from the book

The CIAs Greatest Hits

by Mark Zepezauer


Between 1957 and 1965, Laotian governments came and went at a frantic pace, with the CIA sponsoring at least one coup a year. The problem was a leftist group called the Pathet Lao which kept getting enough votes to be included in coalition governments.

If the Pathet Lao or other leftists were voted into office, there'd either be a right-wing coup or the legislature would be dissolved, with future elections canceled if possible. If there was an election, the CIA would stuff ballot boxes, run propaganda campaigns and bribe legislators to try to get their candidates elected.

But the CIA didn't rely primarily on such namby-pamby techniques. Starting in the late 1950s, they recruited a mercenary force of some 40,000 men to attack Pathet Lao forces. Known as the Armee Clandestine ("secret army"), about half its members were from Thailand; the rest came from Taiwan, South Korea and other US client states. Despite the size of the Armee Clandestine, the Pathet Lao had enough support in the countryside to withstand it.

By 1964, after another CIA coup succeeded in installing a right-wing puppet, the Pathet Lao was completely frozen out of the electoral process. They'd begun receiving aid from the neighboring North Vietnamese, who were concerned about ClA-backed sabotage and assassination teams operating from Laotian territory. When the Pathet Lao made significant advances, the US military got directly-although secretly-involved.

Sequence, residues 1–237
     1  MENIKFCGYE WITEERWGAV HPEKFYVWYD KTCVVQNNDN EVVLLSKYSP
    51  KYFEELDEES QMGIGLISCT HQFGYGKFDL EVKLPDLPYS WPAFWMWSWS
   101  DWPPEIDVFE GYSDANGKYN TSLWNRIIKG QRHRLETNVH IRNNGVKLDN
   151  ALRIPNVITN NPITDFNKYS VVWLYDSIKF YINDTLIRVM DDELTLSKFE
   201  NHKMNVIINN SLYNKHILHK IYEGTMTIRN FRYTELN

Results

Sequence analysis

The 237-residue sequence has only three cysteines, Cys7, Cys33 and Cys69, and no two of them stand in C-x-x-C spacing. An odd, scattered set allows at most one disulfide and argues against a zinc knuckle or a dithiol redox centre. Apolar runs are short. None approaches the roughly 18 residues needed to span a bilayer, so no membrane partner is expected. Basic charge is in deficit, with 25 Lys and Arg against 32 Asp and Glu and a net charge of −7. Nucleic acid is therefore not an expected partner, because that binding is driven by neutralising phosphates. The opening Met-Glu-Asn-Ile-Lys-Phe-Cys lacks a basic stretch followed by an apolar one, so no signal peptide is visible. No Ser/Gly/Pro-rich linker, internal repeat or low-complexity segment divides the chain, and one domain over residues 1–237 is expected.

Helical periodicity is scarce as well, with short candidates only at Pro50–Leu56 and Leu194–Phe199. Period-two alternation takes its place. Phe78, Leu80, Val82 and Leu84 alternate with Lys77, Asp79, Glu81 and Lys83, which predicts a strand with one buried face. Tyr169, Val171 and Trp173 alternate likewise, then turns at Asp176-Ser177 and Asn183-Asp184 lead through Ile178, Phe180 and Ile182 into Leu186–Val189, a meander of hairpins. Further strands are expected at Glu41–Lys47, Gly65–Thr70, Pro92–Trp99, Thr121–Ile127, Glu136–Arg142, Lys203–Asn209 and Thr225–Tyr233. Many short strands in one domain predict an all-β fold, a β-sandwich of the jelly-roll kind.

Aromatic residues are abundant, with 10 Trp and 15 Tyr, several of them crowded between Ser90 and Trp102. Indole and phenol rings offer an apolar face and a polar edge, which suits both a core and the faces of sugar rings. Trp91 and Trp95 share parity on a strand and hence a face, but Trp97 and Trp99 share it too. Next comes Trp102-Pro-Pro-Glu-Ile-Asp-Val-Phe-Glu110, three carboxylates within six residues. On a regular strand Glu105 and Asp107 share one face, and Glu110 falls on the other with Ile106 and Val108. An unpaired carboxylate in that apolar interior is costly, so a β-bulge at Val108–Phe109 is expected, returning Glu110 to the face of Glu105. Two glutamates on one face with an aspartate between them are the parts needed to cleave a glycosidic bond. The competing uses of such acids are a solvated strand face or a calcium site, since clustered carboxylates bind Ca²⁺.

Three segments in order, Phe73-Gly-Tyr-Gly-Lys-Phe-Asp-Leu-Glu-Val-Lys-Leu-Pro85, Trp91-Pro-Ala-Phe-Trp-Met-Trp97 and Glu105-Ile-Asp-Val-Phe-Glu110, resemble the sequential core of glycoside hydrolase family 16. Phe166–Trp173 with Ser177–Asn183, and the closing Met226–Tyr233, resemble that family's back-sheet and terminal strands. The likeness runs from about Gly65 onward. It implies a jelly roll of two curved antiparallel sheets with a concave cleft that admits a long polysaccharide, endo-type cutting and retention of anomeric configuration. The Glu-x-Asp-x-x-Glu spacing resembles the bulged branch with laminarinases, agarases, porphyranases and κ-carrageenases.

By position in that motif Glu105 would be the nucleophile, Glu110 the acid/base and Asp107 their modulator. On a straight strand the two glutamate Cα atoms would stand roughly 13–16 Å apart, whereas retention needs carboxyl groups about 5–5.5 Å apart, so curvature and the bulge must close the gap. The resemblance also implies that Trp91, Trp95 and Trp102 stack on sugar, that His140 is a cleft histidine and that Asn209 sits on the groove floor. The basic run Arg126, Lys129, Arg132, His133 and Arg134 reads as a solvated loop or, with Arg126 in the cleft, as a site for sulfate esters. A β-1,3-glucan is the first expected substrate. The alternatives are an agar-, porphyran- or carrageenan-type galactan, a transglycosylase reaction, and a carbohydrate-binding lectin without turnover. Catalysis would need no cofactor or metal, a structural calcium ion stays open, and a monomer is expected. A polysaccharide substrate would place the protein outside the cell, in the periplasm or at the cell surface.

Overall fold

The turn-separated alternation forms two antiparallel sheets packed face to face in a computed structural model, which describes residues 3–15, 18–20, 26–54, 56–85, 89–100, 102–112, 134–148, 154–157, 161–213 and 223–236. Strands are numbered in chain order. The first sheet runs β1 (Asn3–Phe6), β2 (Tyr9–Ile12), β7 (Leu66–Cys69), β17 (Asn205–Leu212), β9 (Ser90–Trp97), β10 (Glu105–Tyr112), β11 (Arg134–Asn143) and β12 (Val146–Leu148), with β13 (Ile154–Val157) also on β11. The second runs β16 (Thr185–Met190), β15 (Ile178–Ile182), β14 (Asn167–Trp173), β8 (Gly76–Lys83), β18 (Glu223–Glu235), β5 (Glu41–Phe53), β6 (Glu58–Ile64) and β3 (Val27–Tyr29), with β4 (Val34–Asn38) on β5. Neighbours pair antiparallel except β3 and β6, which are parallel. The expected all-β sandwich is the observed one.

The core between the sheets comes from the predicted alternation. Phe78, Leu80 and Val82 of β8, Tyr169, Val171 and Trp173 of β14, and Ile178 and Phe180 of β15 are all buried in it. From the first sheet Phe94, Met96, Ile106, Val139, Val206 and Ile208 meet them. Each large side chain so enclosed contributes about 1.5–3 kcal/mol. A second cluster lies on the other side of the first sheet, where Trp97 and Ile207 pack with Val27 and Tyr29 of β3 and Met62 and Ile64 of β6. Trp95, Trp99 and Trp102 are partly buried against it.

From 1965 to 1973, the US dropped over two million tons of bombs on Laos, far more than all sides dropped in World War II. The bombing was so ferocious that over a quarter of the population became refugees, with many people living in caves for years at a time.

Since this CIA-run war in Laos was "secret," it only received a fraction of the attention given to the war in Vietnam. The secrecy proved unfortunate for many of the US soldiers involved.

If killed, they were listed as casualties of the Vietnam war. But when the Pathet Lao finally took power in 1975, no prisoner exchange treaty was signed, because we couldn't admit we'd been running a secret war in Laos.

Many of the Americans known to have been captured alive in Laos were involved in drug trafficking with the Armee Clandestine. If any are still alive, the CIA would have a considerable interest in denying their existence.

CIAs Greatest Hits

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